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It is well known that running programs inside your docker container as root is bad practice. As far as I can tell, the reason for this is because root on the container is rather similar to root on the host (eg the answer to this question), and escaping a container is well documented.

The particular infrastructure in question is an API service hosted in AWS in which the server application executes as the root user, as provided in the servers getting started guide. The only information available inside this container is the server application and access credentials to our DB - which the server application requires. While access to the access credentials is a risk the server application requires access to these credentials even if it ran as a regular user, and I can't see that running the server as root increases this risk.

My question boils down to:

  • Given that this service is hosted on AWS and is ephemeral, how can I quantify the security risk caused by an external facing application running as root?

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My question boils down to:

  • Given that this service is hosted on AWS and is ephemeral...

Ashes to ashes, dust to dust; everything is ephemeral, just on different time scales.

If you are using the AWS server in production and it has access to your real production database, then it doesn't really matter too much that it is "ephemeral."

how can I quantify the security risk caused by an external facing application running as root?

There can be many different risks associated with "an external facing application running as root." To start with, you might want to think about some of the specific ways the server could fail, from a security perspective.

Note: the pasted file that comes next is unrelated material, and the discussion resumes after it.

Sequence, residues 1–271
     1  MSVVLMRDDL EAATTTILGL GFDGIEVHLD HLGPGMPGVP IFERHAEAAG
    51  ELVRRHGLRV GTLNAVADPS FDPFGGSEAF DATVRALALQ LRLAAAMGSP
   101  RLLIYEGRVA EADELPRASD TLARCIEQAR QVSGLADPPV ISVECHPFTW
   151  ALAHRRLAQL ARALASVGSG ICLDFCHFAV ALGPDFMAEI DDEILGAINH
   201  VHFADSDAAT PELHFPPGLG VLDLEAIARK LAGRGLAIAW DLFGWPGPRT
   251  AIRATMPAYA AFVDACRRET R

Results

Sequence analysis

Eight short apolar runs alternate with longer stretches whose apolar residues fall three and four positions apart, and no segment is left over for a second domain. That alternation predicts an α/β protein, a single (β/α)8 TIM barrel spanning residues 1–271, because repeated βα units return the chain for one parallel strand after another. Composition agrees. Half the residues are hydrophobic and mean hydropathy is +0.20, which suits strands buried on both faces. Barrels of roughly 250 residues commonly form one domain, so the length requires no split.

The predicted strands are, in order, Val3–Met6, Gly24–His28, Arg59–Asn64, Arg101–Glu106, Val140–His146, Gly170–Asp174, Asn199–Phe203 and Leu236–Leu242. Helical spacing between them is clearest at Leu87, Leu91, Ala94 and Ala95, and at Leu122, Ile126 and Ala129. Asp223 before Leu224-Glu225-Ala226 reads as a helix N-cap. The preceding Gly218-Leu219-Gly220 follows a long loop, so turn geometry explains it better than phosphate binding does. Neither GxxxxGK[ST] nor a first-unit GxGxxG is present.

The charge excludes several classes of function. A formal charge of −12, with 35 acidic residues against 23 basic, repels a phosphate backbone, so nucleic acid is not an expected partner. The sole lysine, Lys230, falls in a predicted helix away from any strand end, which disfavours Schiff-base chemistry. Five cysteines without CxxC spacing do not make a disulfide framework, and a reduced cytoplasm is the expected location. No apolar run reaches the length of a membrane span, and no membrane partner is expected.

Once you have a list of failure modes (ways it can fail) to consider, you can try to quantify the risk, but the result will likely be "semi-quantitative" or "qualitative" at best. What you need to do is to try and quantify the two components of risk, likelihood and severity, for each failure mode. Often this is done by a team looking at specific failure modes and trying to reason about what would be the worst thing that could happen during the failure and how likely is the failure.

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The risk of running root in a container is that breakout is easier (there have been multiple container breakout CVEs where being "UID 0" was a pre-requisite for exploitation).

If there is no information on the host that you're concerned about and access to the underlying host would provide no advantage to an attacker that they don't already have from exploiting the application running in the container, it's likely that there's limited additional security risk to running the container as root.

Of course that's not to say that there's not compliance concerns, as compliance often doesn't actually take account of security when saying something's bad :)

If you want to further analyse this to provide evidence to external parties that the risk has been considered I'd agree with @hft that threat modelling the application (asking what can go wrong) and documenting the likely attacks and (lack of) impact of container breakout would be a good approach.

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